The Mudsill Myth – “La Miseria” Difficulties in discerning differences between those who left and those who stayed behind Emigration is a positively selective process Motives for emigrating – Advancing the family economy – Avoiding conscription or jail Social strata of repatriates – Benestante, Americani, and new Americani
Social Stratification in Franza – 1900 & 1960 Joseph Lopreato, Peasants No More: Social Class and Social Change in an Underdeveloped Society (1967)
The fallacy of using schooling as a measure of an immigrant’s worth Schooling in 19 th and early 20 th century Italy and America – The significance of this for assessing the character and resources of emigrants? – In the U.S. the Common School provided 6 to 8 years of instruction to students – In Italy village schools offered 3 years [at best]
American Responses to Immigration Open Door – Motivations Humanitarian Economic Restriction – Motivations Economic Nativist
Tirocchi Cousins – sand and gravel merchants, concrete block manufactures, construction contractors, tire recapping plant, auto service stations, dairy plant and home delivery service, commercial laundry, etc.
Ellis Island – The symbol 1982 – 1924 – 20+ Million immigrants pass through Ellis Island – Peak year – 1907 – 1,004,756 pass through the station – 560, 971 enter in 1921 – 1921 Quota Law set nationality limits for each nationality to 3% of their number in the 1910 U. S. population and total annual limit of 358,000 – 1924 Quota Law moved the “reference date” to 1890 and reduced annual quota to 164,000
The Ellis Island Myth – “our name was changed by officials at Ellis Island” Time spent and nature of the processing of immigrants at Ellis Island – Ship passenger lists – Eligibility screening – The “six second physical” – Utility of the Myth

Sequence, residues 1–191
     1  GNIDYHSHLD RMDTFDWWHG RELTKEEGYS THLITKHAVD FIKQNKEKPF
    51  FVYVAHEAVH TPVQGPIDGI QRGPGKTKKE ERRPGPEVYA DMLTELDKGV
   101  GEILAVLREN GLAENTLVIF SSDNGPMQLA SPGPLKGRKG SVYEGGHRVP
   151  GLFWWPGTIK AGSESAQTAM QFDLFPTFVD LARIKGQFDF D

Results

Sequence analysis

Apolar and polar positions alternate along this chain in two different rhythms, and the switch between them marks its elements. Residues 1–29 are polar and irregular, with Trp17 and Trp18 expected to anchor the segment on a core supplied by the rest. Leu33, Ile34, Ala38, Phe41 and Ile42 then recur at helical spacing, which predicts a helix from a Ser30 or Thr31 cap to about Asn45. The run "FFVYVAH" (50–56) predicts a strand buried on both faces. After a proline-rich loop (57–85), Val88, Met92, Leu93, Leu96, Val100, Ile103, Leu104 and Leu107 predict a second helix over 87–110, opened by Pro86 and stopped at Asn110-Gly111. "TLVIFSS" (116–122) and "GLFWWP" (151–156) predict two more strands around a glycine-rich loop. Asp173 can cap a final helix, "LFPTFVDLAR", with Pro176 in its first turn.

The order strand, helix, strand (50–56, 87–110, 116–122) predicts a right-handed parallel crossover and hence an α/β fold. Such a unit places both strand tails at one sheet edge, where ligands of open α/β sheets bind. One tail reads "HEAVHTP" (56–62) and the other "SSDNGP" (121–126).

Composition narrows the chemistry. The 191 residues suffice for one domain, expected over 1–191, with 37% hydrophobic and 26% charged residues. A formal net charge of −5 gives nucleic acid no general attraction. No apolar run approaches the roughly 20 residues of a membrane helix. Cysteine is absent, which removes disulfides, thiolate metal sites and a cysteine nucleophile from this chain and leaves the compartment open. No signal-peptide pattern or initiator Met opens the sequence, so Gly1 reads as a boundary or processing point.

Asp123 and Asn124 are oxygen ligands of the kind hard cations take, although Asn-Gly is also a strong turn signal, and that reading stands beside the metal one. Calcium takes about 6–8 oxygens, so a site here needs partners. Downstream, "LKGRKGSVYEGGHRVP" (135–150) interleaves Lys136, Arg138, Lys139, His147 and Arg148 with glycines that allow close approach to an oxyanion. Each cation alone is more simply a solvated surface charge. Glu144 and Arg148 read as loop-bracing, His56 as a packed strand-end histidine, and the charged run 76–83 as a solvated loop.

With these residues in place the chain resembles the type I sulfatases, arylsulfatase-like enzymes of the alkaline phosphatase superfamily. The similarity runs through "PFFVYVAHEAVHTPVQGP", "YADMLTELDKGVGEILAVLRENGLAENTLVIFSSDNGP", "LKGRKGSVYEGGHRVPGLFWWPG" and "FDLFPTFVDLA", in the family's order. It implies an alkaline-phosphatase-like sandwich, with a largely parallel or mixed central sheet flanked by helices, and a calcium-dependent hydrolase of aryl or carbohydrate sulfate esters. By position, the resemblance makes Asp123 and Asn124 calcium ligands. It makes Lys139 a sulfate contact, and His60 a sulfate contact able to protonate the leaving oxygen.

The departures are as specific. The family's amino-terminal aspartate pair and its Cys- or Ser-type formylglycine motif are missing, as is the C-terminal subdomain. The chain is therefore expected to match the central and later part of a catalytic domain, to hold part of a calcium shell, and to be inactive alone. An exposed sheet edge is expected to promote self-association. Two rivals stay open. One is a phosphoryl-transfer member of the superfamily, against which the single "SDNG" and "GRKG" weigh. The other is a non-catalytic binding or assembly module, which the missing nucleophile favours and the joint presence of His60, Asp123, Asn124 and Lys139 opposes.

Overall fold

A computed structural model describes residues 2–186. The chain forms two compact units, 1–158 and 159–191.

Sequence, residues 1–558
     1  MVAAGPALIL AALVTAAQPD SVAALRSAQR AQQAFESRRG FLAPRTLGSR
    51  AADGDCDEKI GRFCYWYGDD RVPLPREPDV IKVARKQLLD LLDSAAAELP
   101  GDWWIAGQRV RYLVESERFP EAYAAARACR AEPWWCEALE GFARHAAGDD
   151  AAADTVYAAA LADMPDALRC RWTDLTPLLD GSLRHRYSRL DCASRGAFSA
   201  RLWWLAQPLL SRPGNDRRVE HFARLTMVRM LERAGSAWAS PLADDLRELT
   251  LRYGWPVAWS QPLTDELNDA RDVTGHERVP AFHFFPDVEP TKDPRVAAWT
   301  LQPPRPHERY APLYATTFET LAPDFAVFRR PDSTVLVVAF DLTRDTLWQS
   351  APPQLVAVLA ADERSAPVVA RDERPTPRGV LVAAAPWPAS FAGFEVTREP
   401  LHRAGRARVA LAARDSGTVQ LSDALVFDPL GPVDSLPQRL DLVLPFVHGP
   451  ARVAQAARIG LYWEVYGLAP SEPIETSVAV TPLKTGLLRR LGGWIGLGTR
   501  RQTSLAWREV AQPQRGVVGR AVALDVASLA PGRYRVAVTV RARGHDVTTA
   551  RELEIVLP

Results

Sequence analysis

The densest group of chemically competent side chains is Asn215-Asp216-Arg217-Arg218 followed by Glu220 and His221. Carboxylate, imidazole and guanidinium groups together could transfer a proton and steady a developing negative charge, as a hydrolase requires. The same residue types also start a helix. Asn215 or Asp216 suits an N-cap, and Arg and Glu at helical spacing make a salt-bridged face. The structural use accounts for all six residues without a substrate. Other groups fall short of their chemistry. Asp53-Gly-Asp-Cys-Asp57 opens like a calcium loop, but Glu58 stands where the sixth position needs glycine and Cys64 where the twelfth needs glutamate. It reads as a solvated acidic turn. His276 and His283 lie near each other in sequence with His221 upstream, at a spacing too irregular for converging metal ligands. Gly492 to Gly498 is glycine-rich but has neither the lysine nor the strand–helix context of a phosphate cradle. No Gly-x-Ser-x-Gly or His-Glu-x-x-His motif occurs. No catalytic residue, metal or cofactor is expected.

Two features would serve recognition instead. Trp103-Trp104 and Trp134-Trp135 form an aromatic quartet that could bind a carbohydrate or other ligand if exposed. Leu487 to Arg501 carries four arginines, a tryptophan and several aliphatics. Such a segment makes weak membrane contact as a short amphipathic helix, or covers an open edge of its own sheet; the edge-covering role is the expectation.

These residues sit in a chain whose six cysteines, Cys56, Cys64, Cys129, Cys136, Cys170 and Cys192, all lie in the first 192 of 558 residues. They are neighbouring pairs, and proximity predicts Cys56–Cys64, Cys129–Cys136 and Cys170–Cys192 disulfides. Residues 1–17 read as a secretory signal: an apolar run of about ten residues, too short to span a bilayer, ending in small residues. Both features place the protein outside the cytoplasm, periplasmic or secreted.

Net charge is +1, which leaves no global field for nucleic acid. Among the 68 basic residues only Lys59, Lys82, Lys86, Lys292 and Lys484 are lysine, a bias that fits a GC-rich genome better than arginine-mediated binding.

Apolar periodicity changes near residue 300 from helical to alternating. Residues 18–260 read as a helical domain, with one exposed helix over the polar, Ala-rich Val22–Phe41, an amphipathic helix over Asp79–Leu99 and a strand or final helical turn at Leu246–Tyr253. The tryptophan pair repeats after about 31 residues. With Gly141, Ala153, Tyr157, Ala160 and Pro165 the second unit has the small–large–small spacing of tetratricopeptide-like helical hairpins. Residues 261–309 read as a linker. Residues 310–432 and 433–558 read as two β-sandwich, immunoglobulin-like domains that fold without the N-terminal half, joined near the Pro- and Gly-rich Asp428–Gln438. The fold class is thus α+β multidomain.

Americanization/Assimilation - Theories Racial implications of the “new immigrant” concept Red Scare and the intensity of Americanization efforts
Americanization – Institutions Schools Settlement Houses Industry Public Libraries Religion Ethnic Press
George F. Johnson and the Square Deal New employees at Endicott Johnson were given a copy of a pamphlet called "An EJ Worker's First Lesson in the Square Deal." It read, in part: "To the new EJ worker: You have now joined the happy family in the square deal. If you are faithful, loyal, and reliable, you will earn a good living under fair conditions. You are indeed a part of the company. Remember that you are cared for when sick, medical and hospital services are yours, privileges of many kinds are yours. Your friend, George F. Johnson."
Religion The American “Irish” Church and Immigrants “National Parishes” – Protestant evangelicals – Italians – Trusteeism – Other Roman Catholic groups – “The Polish National Catholic Church -1897” Ownership of Church property Parish government in secular matters by parishioners Parishioner authority in assignment of Priests Appointment of Polish Bishops in the U.S. – participation of clergy and Laity